The Elliot–Gedling portrait is now in an unknown private collection.
     The painting is oil on stretched canvas and measures 13.25 by 10 inches. The paintwork appears to be largely intact, though photographs suggest that the overlying varnish is severely dirty and partially opacified.

     The portrait is unsigned, but has been generically attributed by Sotheby’s to ‘Anglo-Dutch School’, a default attribution when no individual artist can be identified. It was at one early point attributed to Hans Holbein, though that attribution was dismissed by the end of the nineteenth century.

     The portrait depicts a fully adult woman at bust length and facing slightly to her proper left. She wears a costume that is, as Davey noted, largely inconsistent with mid-sixteenth-century English attire. Her headgear, for example, consists of an embroidered head-wrap over which has been placed a large hat, itself worn asymmetrically on the proper left side of the head. The hat appears to have an upturned brim, and the underside is heavily embroidered with pearls. A large gold and pearl hat badge or ornament is attached to the brim as well. While the jeweled embellishment of the hat brim is certainly reminiscent of sixteenth-century styles, the overall form of the hat is more consistent with fashions of the seventeenth century. The embroidered turban-like head-wrap is likewise more consistent with late seventeenth and even eighteenth-century women’s headgear. The close-fitting and high-standing stiff collar arising out of the yolk of the gown has no direct parallel in English fashion of either the sixteenth or seventeenth centuries. Similarly, the embroidered and spangled appliques forming a window-pane pattern (and vaguely suggestive of Tudor half-timbering) on the bodice of the gown is not otherwise seen in authentic portraiture of the sixteenth century. The laces, or ‘points’, attaching the sleeves to the bodice, though common in clothing of the sixteenth century, are here much too conspicuous. Likewise, while the slashing of the upper sleeve appears authentic for the general period indicated, the ballooned effect created at the shoulder by the banding seen on the proper left upper arm developed only after the mid 1550s, and thus after Jane Grey’s death. Overall, the costume worn by the lady gives the impression of having emerged from the imagination of an artist who had seen only a limited number of authentic portraits from the end of the sixteenth century, or perhaps one who had seen similar costumes in stage plays. The costume is not at all accurate, however, for the mid-sixteenth century in which Jane Grey lived.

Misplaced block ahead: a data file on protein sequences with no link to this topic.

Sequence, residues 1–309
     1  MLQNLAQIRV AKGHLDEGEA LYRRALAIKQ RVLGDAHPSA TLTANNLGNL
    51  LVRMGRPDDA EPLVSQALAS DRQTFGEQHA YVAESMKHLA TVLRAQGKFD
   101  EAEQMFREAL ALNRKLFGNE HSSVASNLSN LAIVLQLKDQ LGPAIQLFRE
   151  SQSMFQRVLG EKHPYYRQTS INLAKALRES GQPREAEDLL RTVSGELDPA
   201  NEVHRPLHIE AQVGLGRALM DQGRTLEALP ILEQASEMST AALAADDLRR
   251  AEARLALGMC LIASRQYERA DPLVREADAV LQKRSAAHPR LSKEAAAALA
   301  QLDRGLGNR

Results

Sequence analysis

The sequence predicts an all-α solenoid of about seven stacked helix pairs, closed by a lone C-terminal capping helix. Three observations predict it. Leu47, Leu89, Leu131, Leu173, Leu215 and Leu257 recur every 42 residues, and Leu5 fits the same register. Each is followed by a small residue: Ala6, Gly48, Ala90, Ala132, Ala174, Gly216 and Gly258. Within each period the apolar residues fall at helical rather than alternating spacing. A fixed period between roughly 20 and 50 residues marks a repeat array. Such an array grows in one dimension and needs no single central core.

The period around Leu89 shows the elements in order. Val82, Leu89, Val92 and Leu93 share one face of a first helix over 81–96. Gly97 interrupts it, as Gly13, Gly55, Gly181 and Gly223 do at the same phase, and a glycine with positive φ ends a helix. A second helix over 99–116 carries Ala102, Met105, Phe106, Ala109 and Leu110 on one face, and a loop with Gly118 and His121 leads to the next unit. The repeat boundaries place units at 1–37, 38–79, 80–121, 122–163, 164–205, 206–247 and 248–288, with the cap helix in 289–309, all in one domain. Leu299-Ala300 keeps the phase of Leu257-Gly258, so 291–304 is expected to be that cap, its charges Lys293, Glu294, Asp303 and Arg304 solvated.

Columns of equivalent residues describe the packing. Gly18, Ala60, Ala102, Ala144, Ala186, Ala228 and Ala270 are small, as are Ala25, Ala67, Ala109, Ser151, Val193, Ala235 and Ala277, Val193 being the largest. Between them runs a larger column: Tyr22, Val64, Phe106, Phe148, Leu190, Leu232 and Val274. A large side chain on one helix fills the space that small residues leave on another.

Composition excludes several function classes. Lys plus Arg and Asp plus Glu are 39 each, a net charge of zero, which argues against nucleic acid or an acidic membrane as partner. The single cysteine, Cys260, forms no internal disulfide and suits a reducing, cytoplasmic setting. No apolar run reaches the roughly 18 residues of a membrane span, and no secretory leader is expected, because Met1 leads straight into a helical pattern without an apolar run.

The available evidence forces the conclusion that this portrait is not an authentic life-portrait of Lady Jane Grey. That it is painted on canvas rather than wood board indicates a likely origin after 1600. The sitter’s position, turned slightly to her proper left, is essentially unseen in English female portraiture prior to the seventeenth century.[8] The costume bears many hallmarks of having been pieced together in an artist’s imagination and is inappropriate for any sitter of the sixteenth century. In all likelihood, the painting was created as a deliberately imaginary one, probably in the period between 1675 and 1750. How it found its way into the Elliot collection is unclear, but is undoubtedly related to the newfound wealth of stocking-maker William Stanford Elliot circa 1750–1775, and to the desire of his even-wealthier sons to transition from the status of city merchant to that of country gentleman. Becoming a country gentleman required collecting art, and historic portraiture was a popular genre, especially early in the nineteenth century. Indeed, the engraver Robert William Sievier engraved this portrait in 1822 (below, at bottom) specifically to meet the growing demand for historical portraits.